“Jealousy does not protrude its forked tongue at the artist who produces a commonplace painting”, said Napoleon Hill. If you do well and become an expert or a leader at something, you will most likely get “haters” and criticism.
Here’s why you have to learn to live with critics and criticism, especially if you want to someday be someone great.
Having Haters: The Price of Leadership
Have you ever noticed that whenever a beginner starts drawing most people react positively even if what they made isn’t that good? You’ll hear “oh that looks nice” and all that, but you’ll rarely ever hear “that looks terrible” even if it does look bad. People are most often polite in those cases.
On the other hand, when someone actually starts getting good, you’ll likely see more people pointing out their mistakes and errors. I personally see this on social media with people giving unwanted “constructive criticism” in the comments section of artists I follow (like Sakimichan and several others). They criticize how certain parts look, how the hips are too big or the hands are too small and other such details even if it’s the artist’s own preference.
Those kinds of comments can really affect newer artists, though older ones have gotten used to it and use them to improve if necessary. They also more often ignore the more obnoxious comments altogether.
You’ll experience something similar later on when you someday become a leader in your field.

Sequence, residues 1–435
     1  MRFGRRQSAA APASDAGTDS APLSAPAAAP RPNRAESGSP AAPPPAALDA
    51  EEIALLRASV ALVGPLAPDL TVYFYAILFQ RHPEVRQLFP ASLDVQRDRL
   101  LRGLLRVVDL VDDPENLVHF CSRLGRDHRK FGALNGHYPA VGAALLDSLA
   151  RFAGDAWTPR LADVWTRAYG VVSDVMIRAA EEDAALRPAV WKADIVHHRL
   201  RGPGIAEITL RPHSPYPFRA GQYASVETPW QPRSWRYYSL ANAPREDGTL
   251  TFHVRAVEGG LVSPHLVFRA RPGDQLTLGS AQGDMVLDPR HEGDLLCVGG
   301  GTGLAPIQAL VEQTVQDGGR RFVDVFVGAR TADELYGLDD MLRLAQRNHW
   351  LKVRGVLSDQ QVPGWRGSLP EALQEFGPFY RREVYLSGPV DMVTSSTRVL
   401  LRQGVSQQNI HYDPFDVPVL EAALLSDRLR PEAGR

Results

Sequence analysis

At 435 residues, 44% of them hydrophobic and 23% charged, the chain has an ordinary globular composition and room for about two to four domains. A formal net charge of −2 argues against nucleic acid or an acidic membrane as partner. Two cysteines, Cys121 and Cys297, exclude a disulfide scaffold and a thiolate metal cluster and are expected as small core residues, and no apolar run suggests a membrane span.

Leaders get things done… despite what others say
Your job as a leader is to organize people to get things done. Unfortunately, not everyone will agree to or like what you have in mind. For example, some people think walls should be painted white, others think they should be painted gray, while others want it to be some other color. Choose one, and others may hate you for it. You can’t please everyone after all.
That’s the price you’ll need to pay when you someday step up and lead. You become responsible for bigger and more important things, and you will need to persevere despite all the inevitable mistakes and failures that you’ll make, and the criticism that come with them.
A real leader cannot be slandered or damaged by lies of the envious, because all such attempts serve only to turn the spot-light on his ability, and real ability always find a generous following.
— Napoleon Hill
One final disclaimer:
Never mistake good negative feedback for criticism. Use them to improve yourself, especially when you’re making a mistake and you’re no longer doing the right thing. On the other hand, remember that popularity and mass approval is not always a sign that you’re doing the right thing either. After all, even dictators and mass murderers like Hitler and crime bosses have followers and fans.
The main lesson here is that you need to keep doing the right thing, the things that need to be done, no matter what critics say. Critics will start to appear once you learn to lead, and you have to prepare for and get used to them.
Do what you feel in your heart to be right – for you’ll be criticized anyway. You’ll be damned if you do, and damned if you don’t.
— Eleanor Roosevelt